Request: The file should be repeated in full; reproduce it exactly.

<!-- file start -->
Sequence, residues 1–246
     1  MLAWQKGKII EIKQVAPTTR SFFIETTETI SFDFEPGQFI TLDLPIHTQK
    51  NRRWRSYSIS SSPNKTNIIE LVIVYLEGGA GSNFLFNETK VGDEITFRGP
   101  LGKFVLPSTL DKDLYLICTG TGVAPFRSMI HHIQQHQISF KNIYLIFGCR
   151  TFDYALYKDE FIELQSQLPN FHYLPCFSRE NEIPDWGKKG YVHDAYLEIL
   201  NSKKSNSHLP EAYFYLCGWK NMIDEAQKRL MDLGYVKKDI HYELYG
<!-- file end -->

Sequence, residues 1–246
     1  MLAWQKGKII EIKQVAPTTR SFFIETTETI SFDFEPGQFI TLDLPIHTQK
    51  NRRWRSYSIS SSPNKTNIIE LVIVYLEGGA GSNFLFNETK VGDEITFRGP
   101  LGKFVLPSTL DKDLYLICTG TGVAPFRSMI HHIQQHQISF KNIYLIFGCR
   151  TFDYALYKDE FIELQSQLPN FHYLPCFSRE NEIPDWGKKG YVHDAYLEIL
   201  NSKKSNSHLP EAYFYLCGWK NMIDEAQKRL MDLGYVKKDI HYELYG